# Voronoi diagram in a graph

Let $G$ be a graph with (positively) weighted edges. I want to define the Voronoi diagram for a set of nodes/sites $S$, to associate with a node $v \in S$ the subgraph $R(v)$ of $G$ induced by all the nodes strictly closer to $v$ than to any other node in $S$, measuring the length of a path by the sum of weights on the arcs. $R(v)$ is $v$'s Voronoi region. For example, the green nodes below are in $R(v_1)$, and the yellow nodes are in $R(v_2)$.

I would like to understand the structure of the Voronoi diagram. As a start, what does the diagram of two sites $v_1$ and $v_2$ look like, i.e., what does the 2-site bisector look like (blue in the above example)? I think of the bisector $B(v_1,v_2)$ as the complement of $R(v_1) \cup R(v_2)$ in $G$. Here are two specific questions:

Q1. Is the bisector of two sites connected in some sense?

Q2. Is $R(v)$ convex in the sense that it contains the shortest path between any two nodes in $R(v)$?

Surely this has been studied before. Can anyone provide references/pointers? Thanks!

• For Q1 to make sense you need some sense of faces, right? Otherwise, the "real" bisector is in the middle of edges, and introducing vertices just before and after this point, guarantees that the bisector is disconnected. Maybe if you assume the graph is chordal you can prove something. As for Q2: this is false even for geodesics in a polygon with holes (or terrains). My guess would be that you need to assume something quite strong on the graph to get non-trivial answer to both questions. – Sariel Har-Peled Dec 8 '11 at 20:09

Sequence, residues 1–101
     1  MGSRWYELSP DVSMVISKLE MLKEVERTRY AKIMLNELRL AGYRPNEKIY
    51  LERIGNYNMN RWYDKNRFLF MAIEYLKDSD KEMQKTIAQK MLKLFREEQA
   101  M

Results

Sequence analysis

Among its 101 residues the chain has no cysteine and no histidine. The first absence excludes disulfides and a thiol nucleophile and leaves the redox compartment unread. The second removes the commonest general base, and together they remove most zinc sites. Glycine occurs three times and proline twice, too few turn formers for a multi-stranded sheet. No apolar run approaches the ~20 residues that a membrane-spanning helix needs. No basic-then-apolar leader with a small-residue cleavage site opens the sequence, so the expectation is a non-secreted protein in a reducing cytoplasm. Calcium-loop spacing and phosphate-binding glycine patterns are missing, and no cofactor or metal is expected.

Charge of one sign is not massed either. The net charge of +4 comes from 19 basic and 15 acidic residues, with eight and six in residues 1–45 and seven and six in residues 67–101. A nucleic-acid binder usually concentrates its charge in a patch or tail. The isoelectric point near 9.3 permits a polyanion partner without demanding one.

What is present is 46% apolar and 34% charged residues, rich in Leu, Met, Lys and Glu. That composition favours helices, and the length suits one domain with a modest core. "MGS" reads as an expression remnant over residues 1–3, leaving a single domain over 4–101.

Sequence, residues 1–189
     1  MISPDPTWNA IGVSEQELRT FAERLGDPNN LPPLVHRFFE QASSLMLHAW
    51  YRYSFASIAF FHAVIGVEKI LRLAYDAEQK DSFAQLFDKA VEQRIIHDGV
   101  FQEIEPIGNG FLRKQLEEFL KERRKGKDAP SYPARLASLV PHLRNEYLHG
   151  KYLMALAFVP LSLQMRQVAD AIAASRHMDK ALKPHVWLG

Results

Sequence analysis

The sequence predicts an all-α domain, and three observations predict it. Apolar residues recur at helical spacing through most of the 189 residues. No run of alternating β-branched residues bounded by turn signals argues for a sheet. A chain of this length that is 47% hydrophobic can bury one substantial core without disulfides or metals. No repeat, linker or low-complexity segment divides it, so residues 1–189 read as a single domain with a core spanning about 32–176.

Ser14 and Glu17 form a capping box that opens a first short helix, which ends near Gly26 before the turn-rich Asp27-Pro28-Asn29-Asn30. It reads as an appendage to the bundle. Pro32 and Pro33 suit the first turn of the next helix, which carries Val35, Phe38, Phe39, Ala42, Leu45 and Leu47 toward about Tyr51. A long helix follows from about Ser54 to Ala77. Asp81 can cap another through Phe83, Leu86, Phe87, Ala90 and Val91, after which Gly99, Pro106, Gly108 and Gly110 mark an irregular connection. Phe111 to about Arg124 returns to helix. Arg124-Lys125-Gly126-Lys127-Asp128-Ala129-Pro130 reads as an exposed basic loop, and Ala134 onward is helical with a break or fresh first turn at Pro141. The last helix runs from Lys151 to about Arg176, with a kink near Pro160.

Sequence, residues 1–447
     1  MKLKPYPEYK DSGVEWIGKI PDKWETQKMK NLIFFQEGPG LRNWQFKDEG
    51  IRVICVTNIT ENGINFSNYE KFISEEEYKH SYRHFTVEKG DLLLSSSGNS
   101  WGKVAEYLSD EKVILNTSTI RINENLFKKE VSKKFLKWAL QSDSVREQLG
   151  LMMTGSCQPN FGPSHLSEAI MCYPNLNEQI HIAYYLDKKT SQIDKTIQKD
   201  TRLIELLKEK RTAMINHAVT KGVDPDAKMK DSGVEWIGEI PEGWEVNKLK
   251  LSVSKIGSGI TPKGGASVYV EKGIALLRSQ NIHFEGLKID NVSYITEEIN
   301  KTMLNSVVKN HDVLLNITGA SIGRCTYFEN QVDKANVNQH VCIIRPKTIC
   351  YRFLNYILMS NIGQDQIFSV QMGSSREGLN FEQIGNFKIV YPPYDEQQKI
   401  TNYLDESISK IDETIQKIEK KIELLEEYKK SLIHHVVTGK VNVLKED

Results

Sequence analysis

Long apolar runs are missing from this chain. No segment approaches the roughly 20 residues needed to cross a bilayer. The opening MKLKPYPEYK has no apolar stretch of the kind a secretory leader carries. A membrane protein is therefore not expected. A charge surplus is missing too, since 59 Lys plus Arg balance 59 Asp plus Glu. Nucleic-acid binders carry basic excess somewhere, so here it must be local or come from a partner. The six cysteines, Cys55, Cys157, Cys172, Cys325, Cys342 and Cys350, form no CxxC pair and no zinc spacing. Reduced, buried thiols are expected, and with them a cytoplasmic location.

• Thanks, Sariel, for those observations. Yes, it appears I was hoping for too much, and perhaps only in special classes of graphs will there be nice structural properties. – Joseph O'Rourke Dec 8 '11 at 21:50
• ah so on the regular sphere a voronoi cell can't get bigger than a hemisphere, so you don't have this problem. But my comment more generally was the same as Sariel's in that you're asking for convexity of voronoi cells in a potentially generic riemannian manifold and that's shouldn't be true. – Suresh Venkat Dec 8 '11 at 23:07
• For Q1, a simpler counterexample is the bisector of $S$ where $S$ is the left side of $K_{2, n}$. The bisector is totally disconnected. – Josephine Moeller Dec 9 '11 at 20:47
• So now I am thinking maybe there is an interesting question here. What if the underlying metric is a manifold (as suggested by Suresh). Now, we connect two points if and only if there exists a third point q, such the other two points are the two nearest neighbors (think about this as some kind of witness complex). A natural conjecture would be that if the manifold is doubling, then one can always add O(1) points such that the bisector is connected. Hmmm... – Sariel Har-Peled Dec 11 '11 at 5:55